Ever since the Supreme Court’s 2011 decision upholding class action waivers in arbitration agreements, courts around the country have generally fallen into line and enforced such clauses against a variety of contractual challenges raised by plaintiffs in wage-hour and other cases. But some District judges in the Second Circuit had been holdouts, finding various grounds to invalidate waivers notwithstanding the Court’s endorsement.
In a concise opinion issued August 9, a Second Circuit panel appears to have put such resistance to an end. While predictions can be perilous, the case should resolve any remaining doubts about the enforceability of class/collective action waivers in arbitration agreements in the Circuit.
The court’s decision in Sutherland v. Ernst & Young LLP [here], dispenses with two of the arguments that lower courts had used to invalidate class waivers in the wage-hour context: that the FLSA confers an unwaivable substantive right to pursue a collective action, and that a collective action is the only means by which plaintiffs can effectively vindicate their rights given the low potential recovery in individual cases.
On the “unwaivable substantive right” argument, the court held unambiguously that the FLSA “does not include a ‘contrary congressional command’ that prevents a class-action waiver provision in an arbitration agreement from being enforced by its terms.” In so holding, the court noted its agreement with the “consensus among our sister Circuits” that the statute “does not preclude the waiver of collective action claims.”
The panel did note, however, that one District Court within the Circuit had held to the contrary in Raniere v. Citigroup, Inc. As we have reported previously [here], the same panel heard appellate arguments in Sutherland and Raniere on the same day. As of this writing, Raniere still has not been decided. Although Sutherland does not technically resolve Raniere, it effectively does so, and the resolution of the latter case now seems a foregone conclusion.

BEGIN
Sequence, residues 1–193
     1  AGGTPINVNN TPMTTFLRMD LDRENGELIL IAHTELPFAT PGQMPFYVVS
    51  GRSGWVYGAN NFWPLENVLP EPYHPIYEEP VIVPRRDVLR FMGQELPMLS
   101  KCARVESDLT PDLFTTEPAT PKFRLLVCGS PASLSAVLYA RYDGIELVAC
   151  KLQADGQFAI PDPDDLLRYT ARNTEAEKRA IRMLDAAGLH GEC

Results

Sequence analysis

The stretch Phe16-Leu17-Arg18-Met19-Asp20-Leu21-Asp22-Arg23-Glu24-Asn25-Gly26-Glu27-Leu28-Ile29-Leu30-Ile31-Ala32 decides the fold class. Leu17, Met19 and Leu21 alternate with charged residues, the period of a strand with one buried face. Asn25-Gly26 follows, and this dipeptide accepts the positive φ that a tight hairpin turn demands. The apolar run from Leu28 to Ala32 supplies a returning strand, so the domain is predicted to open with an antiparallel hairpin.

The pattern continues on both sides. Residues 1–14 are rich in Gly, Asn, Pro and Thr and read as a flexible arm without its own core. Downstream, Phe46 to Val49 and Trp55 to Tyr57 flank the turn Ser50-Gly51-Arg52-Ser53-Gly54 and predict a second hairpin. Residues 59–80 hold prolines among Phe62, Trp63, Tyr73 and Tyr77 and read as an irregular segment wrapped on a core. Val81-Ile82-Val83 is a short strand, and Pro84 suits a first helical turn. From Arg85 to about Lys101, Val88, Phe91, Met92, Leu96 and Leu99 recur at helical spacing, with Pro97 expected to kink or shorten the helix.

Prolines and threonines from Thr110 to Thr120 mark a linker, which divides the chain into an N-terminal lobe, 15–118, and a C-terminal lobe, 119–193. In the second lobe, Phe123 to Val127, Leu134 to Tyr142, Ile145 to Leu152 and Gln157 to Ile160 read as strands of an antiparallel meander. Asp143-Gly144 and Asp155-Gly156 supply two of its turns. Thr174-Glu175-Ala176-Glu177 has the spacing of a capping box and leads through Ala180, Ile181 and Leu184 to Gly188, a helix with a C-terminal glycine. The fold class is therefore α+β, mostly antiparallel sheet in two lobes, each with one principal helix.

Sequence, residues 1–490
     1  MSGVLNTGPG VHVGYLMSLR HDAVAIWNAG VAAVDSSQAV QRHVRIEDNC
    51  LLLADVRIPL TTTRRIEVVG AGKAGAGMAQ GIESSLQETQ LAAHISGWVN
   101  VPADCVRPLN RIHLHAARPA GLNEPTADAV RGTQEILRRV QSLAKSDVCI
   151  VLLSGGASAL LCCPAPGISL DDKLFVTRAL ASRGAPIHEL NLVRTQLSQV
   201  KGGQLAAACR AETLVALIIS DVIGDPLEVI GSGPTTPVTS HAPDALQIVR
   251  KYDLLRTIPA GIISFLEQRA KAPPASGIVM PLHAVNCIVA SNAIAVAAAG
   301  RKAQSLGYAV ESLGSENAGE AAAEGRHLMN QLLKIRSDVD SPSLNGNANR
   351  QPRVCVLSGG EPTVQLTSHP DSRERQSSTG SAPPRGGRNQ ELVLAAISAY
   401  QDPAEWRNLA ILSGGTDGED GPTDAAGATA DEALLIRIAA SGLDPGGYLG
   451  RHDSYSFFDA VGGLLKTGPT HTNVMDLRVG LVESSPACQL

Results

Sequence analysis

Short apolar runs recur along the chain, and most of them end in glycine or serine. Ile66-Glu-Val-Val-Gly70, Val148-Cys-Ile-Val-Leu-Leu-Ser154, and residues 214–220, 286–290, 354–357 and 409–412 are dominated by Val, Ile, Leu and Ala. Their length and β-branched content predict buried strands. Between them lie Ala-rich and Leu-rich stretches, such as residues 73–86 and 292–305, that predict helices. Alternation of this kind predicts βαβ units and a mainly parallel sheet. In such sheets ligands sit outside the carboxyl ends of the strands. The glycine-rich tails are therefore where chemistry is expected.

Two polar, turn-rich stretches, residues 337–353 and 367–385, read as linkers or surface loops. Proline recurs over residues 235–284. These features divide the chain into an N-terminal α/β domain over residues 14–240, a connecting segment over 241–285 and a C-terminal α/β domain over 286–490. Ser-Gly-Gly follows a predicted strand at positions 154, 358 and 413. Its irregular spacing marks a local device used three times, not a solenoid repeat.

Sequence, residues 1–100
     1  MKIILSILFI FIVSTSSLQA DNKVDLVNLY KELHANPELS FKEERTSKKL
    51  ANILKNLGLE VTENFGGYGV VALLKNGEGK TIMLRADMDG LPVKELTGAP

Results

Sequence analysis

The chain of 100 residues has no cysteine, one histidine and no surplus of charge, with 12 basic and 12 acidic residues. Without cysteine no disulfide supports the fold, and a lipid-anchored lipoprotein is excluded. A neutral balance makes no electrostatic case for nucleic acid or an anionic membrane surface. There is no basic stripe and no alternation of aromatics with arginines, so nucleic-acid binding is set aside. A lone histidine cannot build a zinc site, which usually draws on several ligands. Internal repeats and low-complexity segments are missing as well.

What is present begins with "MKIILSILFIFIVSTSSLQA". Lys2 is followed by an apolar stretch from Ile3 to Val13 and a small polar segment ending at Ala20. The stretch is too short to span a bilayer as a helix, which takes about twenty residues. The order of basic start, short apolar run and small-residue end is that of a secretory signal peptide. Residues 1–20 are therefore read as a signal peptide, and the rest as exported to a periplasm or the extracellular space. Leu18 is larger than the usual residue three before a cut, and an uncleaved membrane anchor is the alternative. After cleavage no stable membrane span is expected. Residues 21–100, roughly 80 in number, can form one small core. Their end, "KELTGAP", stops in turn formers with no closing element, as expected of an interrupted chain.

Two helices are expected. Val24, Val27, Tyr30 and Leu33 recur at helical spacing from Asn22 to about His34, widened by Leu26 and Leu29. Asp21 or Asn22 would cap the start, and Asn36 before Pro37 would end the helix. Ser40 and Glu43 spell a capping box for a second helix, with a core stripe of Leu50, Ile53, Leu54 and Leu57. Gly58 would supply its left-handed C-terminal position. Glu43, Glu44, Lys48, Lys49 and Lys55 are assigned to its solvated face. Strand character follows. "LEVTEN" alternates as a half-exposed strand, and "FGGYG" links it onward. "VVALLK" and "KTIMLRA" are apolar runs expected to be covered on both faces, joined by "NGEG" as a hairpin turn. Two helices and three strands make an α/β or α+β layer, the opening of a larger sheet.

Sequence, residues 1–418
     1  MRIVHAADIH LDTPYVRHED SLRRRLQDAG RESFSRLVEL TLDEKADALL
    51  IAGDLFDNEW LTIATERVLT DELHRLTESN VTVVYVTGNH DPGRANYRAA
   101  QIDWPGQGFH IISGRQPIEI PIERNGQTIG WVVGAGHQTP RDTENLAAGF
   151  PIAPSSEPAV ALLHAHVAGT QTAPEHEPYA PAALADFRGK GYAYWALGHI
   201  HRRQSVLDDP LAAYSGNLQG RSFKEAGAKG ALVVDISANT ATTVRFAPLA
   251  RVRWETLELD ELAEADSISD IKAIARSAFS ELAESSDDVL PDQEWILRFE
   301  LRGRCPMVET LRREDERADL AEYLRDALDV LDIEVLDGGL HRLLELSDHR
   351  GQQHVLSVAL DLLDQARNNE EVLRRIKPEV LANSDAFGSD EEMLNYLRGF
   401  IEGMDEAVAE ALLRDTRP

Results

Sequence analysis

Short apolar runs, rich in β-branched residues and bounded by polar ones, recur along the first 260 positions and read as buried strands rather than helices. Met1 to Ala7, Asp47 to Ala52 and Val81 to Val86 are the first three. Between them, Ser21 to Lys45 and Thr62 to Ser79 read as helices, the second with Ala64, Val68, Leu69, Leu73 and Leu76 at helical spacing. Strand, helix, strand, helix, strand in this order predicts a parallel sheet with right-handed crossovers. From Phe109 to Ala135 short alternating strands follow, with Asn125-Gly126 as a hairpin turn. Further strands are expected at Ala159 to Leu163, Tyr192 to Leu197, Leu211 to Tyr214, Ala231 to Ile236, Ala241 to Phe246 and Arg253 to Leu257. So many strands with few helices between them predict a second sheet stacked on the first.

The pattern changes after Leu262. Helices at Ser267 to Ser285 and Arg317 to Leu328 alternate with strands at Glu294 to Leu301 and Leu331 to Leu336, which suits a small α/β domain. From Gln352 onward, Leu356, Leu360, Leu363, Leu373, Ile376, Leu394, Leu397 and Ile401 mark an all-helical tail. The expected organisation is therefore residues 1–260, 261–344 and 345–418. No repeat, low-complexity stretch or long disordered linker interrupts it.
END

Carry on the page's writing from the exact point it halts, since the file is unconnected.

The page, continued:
The court also left little doubt regarding its rejection of the “effective vindication” theory. In light of the Supreme Court’s June 20 decision in American Express Co. v. Italian Colors Restaurant rejecting that theory (albeit in an antitrust context) [See discussion here], the Second Circuit’s hands were tied, as it readily acknowledged: “Despite the obstacles facing the vindication of Sutherland’s claims, the Supreme Court’s recent decision in Italian Colors . . . compels the conclusion that Sutherland’s class-action waiver is not rendered invalid by virtue of the fact that her claim is not economically worth pursuing individually.”
Sutherland also adds to the chorus of opposition to the NLRB’s ruling in D.R. Horton, in which the Board stated that arbitral class waivers violate employees’ rights under the National Labor Relations Act to engage in protected concerted activity. The court said it would “decline to follow” D.R. Horton and “owe[s] no deference to its reasoning.”
Sutherland capped an excellent run for Ernst & Young’s enforcement of its class waiver provision. A few weeks earlier, Judge Ronald M. Whyte of the Northern District of California issued a similar ruling upholding its class waiver clause in Morris v. Ernst & Young LLP [here]. Foretelling the decision in Sutherland, the court observed that “every circuit court that has addressed the [waiver] issue has held . . . that arbitration agreements can validly waive collective action because Congress did not intend to confer a nonwaivable right to a class action under the FLSA.” The court went on to hold that “Congress did not intend collective actions to be a substantive right under the FLSA,” and that “such a right may be waived as a part of a valid arbitration agreement.”
For good measure, Morris joined in the disagreement with D.R. Horton as well.
Some employers with operations in the Second Circuit were waiting on the sidelines to see how the controversy around class waivers would play out. Sutherland signals that the end of the controversy is nigh. Barring further review by the Supreme Court or the full Circuit en banc, the arguments levied against waivers should now be consigned to history.